As I listened to a good friend and mentor, Jon Harrison, discuss his leadership tips last week, one thing I noticed that he does is put in the time to lead. He gives people the gift of his time. It is way too common in our businesses for leaders to say I am too busy to make time for the front line people, or get to know Joe in the basement working on the system that keeps our facility heated and cooled. But the message that this can send to those front line people is, I am too important to care about little old you. By not spending time with these people we are saying your job is not significant enough for me to get to know you as a person, what you need to do your job well or how I can support you, until something goes wrong, you mess up or I need you. Then I can yell at you without even knowing your name. This may sound like an exaggeration, but I promise you it happens every day across industries.
What the best leaders know is that giving the gift of your time, even looking at it as an investment, will pay dividends on the back end. Taking the time to really learn what all the job functions are in your organization and listening to what people need from you to do these jobs well pays off in employee engagement and productivity. More importantly getting to know them as people, as mothers and fathers and golfers and artists outside of work, will create relationships that develop a loyalty that cannot be bought by an extra dollar an hour by the competition. It's also just the right thing to do!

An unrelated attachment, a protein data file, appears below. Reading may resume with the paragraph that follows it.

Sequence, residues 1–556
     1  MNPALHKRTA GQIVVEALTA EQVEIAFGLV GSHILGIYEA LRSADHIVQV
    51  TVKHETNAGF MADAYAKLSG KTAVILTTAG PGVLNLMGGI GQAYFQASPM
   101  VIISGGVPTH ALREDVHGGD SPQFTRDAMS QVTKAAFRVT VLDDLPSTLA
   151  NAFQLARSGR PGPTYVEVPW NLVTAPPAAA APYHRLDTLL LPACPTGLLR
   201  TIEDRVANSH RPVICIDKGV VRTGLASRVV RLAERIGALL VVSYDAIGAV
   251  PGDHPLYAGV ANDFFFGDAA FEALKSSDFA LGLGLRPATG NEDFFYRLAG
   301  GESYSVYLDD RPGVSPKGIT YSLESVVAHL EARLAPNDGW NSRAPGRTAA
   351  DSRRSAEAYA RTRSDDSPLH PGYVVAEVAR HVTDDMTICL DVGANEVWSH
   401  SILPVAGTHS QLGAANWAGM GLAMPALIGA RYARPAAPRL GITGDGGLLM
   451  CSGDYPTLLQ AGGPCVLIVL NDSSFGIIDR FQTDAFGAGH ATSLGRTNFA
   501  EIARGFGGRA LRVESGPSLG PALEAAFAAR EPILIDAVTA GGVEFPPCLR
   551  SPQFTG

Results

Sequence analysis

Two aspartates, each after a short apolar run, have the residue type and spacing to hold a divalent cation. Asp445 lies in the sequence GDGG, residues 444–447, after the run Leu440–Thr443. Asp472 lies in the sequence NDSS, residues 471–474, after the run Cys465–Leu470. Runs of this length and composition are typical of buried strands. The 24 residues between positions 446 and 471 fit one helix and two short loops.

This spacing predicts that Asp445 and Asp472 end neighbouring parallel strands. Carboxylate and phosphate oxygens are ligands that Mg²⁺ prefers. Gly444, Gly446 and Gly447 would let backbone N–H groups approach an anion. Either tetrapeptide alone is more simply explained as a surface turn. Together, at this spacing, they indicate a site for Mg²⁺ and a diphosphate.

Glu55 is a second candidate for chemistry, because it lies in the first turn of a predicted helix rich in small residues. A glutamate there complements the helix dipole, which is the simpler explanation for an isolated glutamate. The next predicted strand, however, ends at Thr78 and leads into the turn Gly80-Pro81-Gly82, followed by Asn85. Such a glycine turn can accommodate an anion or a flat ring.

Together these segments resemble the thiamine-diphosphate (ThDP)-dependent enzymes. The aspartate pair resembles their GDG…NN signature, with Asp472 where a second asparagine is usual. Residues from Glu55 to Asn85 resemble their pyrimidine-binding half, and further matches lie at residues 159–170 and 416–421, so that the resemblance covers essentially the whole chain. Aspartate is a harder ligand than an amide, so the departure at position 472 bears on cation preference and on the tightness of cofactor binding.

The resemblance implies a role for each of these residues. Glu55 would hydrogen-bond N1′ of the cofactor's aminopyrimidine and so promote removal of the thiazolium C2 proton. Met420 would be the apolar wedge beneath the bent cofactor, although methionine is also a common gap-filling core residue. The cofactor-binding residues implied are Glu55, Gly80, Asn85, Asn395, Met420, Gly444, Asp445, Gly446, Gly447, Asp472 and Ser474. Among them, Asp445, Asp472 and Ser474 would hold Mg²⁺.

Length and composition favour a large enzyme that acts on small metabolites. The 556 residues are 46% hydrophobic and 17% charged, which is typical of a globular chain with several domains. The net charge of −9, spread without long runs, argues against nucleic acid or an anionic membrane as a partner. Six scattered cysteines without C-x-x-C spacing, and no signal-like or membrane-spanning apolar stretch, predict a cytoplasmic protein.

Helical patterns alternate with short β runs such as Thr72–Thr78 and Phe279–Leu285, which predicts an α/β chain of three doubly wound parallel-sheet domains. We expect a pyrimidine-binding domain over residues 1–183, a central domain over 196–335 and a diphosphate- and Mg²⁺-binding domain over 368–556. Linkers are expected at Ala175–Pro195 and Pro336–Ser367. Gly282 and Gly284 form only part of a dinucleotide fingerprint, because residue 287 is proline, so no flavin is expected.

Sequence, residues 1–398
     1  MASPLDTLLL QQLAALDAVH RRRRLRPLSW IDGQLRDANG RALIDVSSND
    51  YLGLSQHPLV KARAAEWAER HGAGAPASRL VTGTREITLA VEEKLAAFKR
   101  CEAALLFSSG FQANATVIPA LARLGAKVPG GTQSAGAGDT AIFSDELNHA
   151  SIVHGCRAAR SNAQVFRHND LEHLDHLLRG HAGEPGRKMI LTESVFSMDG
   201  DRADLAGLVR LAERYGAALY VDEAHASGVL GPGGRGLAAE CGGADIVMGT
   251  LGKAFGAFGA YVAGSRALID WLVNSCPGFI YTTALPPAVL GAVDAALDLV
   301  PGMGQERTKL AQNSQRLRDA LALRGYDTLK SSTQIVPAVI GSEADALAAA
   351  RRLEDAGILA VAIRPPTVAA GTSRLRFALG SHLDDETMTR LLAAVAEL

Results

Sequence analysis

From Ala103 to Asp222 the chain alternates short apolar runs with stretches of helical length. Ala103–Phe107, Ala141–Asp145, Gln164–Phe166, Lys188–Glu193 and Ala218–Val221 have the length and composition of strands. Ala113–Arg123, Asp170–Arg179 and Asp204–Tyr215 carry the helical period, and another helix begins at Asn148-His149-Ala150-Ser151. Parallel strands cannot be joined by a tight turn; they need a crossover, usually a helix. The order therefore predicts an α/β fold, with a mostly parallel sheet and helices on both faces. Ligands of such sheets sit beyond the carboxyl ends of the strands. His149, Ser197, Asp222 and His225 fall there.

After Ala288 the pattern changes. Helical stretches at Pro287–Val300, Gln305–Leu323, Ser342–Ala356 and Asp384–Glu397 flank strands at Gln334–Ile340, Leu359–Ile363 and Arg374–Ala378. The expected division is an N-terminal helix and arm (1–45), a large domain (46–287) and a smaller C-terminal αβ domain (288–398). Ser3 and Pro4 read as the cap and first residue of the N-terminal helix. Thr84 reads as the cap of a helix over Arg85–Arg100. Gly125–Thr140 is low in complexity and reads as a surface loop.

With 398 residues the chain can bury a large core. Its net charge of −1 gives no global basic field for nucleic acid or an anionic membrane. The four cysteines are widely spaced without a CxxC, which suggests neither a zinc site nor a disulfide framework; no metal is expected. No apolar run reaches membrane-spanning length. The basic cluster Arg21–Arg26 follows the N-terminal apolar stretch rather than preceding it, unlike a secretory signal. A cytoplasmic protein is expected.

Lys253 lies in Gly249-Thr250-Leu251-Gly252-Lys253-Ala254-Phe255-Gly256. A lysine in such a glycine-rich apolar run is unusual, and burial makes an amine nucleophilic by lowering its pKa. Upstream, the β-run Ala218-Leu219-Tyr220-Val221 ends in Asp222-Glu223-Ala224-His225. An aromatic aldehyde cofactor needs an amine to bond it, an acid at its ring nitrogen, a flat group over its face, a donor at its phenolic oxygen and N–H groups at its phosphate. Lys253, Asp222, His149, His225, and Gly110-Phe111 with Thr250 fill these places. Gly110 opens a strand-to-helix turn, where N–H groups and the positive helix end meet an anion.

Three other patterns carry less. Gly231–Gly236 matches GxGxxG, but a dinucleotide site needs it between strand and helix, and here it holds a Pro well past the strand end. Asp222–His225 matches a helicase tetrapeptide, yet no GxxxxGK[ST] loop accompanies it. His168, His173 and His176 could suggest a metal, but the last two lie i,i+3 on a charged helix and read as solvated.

On some level we all know this is true, but back to the original I don't have time excuse...my response is make time! Build it into your calendar, daily, weekly, whatever that looks like. Schedule a block of walking around time getting to know people at all levels. Build in weekly face to face, one on one time with direct reports to find out what they need from you to do their best, whether it is resources and support in doing their work or how to best lead them and communicate with them. One thing Jon did that showed his 700 employees he cared about them was take the time to write a personalized birthday card to each and every one of them. In order to make it personal, he had to know who they were to begin with. I worked for James Lee Witt for a number of years and his open door policy, was the real deal, he was transparent and available to all of us at our small firm, but also when he was director of FEMA he had a full day each week when anyone at any level could come talk to him about anything.
What about you? What do you do to give the gift of your time to people? How do you invest in the lives of those you lead? You could lead a small team, a huge organization, a family or just yourself. Please share your tips and insights in the comments. Also, if you want to learn more from Jon Harrison on this, you can download his book, The Front Line Factor, in iTunes.
P.S. I don't only read books by guys named Jon, with no 'h', just happens the last two posts mentioned the two I do! ;)